My aunt Carlene is one of those natural born bakers. While I struggle to make a halfway decent cupcake or an unoffensive cookie, her baked goods always come out looking and tasting magazine-quality perfect. Seriously, when she hands me a tin of her homemade treats every Christmas, it feels like a prize.
That’s why I turned to her to help me come up with something delicious for Eat My Blog 4.0. When she suggested baklava, I was a little nervous because it looks hard, but it turned out to be easy and—dare I say—fun. Plus, baklava is one of those desserts that’s ridiculously tasty, visually stunning and just exotic enough to trick people into thinking I have enviable culinary skills. And that’s the kind of deception I’m all about.
This recipe was so simple that I think it will be my go-to this holiday season, and it might as well be yours, too. I mean, just picture yourself unveiling a plate of these flaky, golden masterpieces at a holiday party or an office potluck.
You’re going to be so popular.
Here’s what you need:
Pastry and Filling:
1 lb. filo dough (thawed for about 2 hours)
1/2 lb. unsalted butter, melted
1 1/2 cups chopped nuts (we used walnuts and pecans)
2 1/2 tbs. sugar
1 1/4 cups sugar
1/2 cup water
1 tbs. lemon juice
1 tbs. rosewater (check an Indian store, but if you can’t find it, don’t sweat it)
Here’s how to do it:
Preheat oven to 350.
Step 1. Prepare the filling
Mix finely chopped nuts with 2 1/2 tbs of sugar. Set aside.
Step 2. Prepare the syrup
In a small saucepan, dissolve sugar into water and lemon juice. Simmer until it thickens enough to coat a spoon. Now, add your rosewater and let it simmer for 2 minutes. Put it in the fridge to cool.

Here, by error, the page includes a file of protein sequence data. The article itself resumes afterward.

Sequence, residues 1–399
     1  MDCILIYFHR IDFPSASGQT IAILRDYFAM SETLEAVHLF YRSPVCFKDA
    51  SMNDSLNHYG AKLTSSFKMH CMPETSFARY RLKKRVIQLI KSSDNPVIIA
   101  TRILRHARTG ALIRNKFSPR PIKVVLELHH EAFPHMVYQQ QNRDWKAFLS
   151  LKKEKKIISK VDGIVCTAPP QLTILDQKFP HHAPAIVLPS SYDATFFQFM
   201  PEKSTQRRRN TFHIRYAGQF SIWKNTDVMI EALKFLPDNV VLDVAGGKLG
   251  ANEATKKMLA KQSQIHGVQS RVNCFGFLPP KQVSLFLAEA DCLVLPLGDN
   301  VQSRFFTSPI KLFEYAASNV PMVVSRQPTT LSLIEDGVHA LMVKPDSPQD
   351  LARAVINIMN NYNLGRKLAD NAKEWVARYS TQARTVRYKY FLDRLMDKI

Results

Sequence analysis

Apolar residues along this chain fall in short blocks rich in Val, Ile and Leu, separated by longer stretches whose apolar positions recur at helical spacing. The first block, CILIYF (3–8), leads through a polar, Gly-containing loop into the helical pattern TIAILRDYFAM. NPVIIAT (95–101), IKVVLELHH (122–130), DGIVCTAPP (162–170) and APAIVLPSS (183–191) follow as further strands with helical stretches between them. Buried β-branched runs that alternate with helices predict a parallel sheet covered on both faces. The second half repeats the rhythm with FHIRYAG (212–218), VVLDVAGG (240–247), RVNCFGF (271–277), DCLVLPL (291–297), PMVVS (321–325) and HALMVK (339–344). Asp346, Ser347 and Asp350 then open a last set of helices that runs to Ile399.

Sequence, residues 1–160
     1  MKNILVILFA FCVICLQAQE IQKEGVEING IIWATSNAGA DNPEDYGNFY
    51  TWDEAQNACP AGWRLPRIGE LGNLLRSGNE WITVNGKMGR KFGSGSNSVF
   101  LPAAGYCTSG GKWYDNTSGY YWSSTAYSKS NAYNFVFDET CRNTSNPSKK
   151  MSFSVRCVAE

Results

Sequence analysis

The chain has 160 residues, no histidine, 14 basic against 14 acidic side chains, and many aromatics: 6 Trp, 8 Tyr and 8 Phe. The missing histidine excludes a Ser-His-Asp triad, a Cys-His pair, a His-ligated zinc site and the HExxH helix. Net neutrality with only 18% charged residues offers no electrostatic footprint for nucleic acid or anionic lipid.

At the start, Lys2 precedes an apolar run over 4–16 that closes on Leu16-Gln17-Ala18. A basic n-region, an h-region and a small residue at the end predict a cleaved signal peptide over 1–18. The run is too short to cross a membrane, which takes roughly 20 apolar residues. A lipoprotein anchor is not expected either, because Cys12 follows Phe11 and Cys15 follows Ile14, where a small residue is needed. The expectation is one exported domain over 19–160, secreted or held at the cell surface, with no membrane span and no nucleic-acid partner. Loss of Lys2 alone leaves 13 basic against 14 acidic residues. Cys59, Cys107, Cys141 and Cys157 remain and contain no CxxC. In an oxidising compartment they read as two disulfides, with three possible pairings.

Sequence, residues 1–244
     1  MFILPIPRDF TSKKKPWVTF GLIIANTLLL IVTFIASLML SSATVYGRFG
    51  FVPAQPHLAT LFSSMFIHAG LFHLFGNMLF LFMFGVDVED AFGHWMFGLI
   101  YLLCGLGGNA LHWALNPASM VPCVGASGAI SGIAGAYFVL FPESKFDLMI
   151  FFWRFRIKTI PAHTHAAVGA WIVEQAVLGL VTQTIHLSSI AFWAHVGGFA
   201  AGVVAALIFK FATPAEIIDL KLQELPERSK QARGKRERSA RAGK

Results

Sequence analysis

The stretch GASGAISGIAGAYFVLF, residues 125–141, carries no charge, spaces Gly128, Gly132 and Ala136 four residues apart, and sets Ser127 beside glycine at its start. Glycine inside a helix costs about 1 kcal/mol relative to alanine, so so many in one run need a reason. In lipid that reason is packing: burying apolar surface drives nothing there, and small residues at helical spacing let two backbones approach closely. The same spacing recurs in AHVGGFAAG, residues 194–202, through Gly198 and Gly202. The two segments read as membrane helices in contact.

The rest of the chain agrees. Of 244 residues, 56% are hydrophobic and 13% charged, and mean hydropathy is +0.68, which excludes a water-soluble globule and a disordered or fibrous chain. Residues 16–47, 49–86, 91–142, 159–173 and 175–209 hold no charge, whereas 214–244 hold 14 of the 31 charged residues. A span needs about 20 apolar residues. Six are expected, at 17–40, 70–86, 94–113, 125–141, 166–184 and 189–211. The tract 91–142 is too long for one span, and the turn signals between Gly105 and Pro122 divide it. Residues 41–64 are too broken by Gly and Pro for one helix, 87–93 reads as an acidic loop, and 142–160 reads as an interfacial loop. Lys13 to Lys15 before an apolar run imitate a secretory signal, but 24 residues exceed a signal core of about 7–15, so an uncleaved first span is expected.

Step 3. Build your baklava
First, lay out half of the pastry dough onto a damp dish towel (this will keep it from drying out and cracking). Then, using a basting brush, paint the sides of a large baking dish (13 x 9 is ideal) with a coat of melted butter.
Take two sheets of the dough (be gentle), and lay them into the dish. Brush the layer with butter, making sure to push down the edges. Repeat until you’ve used up your dough.
After you’ve buttered the last layer, spread the nut mixture evenly on top.
Now, cover the nutty layer with the other half of the philo dough, using the process you used for the bottom layers.
Step 4. Slice it up
Cut through the entire layer diagonally to create fancy lozenge shapes.
Step 5. Bake it
Bake for 30 minutes or until pastry is puffed up and golden brown.
Step 6. Finish your masterpiece
Take it out of the oven, and while it’s still hot, pour the cold syrup over it. There will be bubbling.
There you have it. All you have to do now is eat a piping hot piece of baklava while the rest cools.
If you want to sample some before you actually make it, come to the Eat My Blog blogger-hosted bake sale (see previous post for details) this Saturday at Pita Jungle in Pasadena.